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06/07/08 1:31 PM ET

Davies' win sparks a slew of memories

In '07, deals with wayward cabbie and allowing milestone HR

NEW YORK -- When Kyle Davies earned a victory for the Royals on Friday night at Yankee Stadium, he couldn't help but recall what happened almost a year before.

Just acquired from the Atlanta Braves, Davies was to make his first Kansas City start on Aug. 4 at Yankee Stadium. So he left the team's hotel on East 39th Street and hailed a taxi.

"I got a cab and told him to take me to Yankee Stadium, and he punched it in to his little navigator. About an hour later, we're traveling, and there are no more buildings and no more traffic, and we're on an Interstate," Davies said.

Uh-oh. Yankee Stadium is enmeshed in the crowded Bronx. The cabbie insisted he was on the right route.

"I don't think so, buddy," Davies told him.

In reality, Davies was either headed for, or actually in, Connecticut. He's not sure. The driver made a U-turn, found his way and delivered the pitcher to the stadium two hours before the first pitch. That's the minimum allowed to Royals players and an hour later than Davies wanted to arrive.

Then he went out and served up Alex Rodriguez's 500th career home run in the first inning, and gave up five runs in a game the Yankees ultimately won, 16-8.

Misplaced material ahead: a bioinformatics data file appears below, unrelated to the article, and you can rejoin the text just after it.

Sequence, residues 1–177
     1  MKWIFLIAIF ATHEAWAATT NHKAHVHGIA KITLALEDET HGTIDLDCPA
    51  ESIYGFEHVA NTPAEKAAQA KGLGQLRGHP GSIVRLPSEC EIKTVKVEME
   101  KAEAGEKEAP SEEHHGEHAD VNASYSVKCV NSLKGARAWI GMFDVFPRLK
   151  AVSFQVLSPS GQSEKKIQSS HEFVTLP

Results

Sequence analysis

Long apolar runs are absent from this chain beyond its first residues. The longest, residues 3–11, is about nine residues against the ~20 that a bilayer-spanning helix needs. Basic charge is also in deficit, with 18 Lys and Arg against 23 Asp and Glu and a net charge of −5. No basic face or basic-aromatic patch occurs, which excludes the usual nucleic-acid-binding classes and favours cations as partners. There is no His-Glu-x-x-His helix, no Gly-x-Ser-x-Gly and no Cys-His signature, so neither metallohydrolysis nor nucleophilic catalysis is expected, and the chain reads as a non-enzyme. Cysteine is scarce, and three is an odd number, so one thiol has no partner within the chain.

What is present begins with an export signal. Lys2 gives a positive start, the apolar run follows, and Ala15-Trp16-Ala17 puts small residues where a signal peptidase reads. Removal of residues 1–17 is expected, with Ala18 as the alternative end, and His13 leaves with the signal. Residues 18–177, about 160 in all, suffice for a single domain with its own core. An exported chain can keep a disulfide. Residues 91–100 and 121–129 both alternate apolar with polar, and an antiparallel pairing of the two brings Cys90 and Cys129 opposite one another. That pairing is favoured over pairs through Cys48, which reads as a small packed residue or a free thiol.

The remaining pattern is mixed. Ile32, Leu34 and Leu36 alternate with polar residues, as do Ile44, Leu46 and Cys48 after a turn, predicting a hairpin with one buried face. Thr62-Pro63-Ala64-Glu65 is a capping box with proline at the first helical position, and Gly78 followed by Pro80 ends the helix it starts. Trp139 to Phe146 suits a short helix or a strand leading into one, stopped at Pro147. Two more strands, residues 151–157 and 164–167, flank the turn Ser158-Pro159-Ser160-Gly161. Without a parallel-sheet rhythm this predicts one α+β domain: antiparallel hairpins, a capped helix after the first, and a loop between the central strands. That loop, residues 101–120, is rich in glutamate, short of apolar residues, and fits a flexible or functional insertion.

"That wasn't the worst thing that happened that week," he said.

Three days earlier, Davies was on his way to join the Royals for their series at Minnesota. That was the day Buddy Bell stunned everyone by announcing he'd step down as manager. Then, by the time Davies got to the Metrodome, something tragic had occurred.

"The bridge fell," he said, referring to the deadly I-35W bridge collapse in Minneapolis. "I went right over it 10 minutes before it fell."

When the Royals returned home from New York, their first game, against the Twins, was interrupted by a 36-minute power failure.

Those were just some of the things Davies remembered after he beat the Yankees, 2-1, in the series opener here.

"This time the week started a little bit better," he said.

Dick Kaegel is a reporter for MLB.com. This story was not subject to the approval of Major League Baseball or its clubs.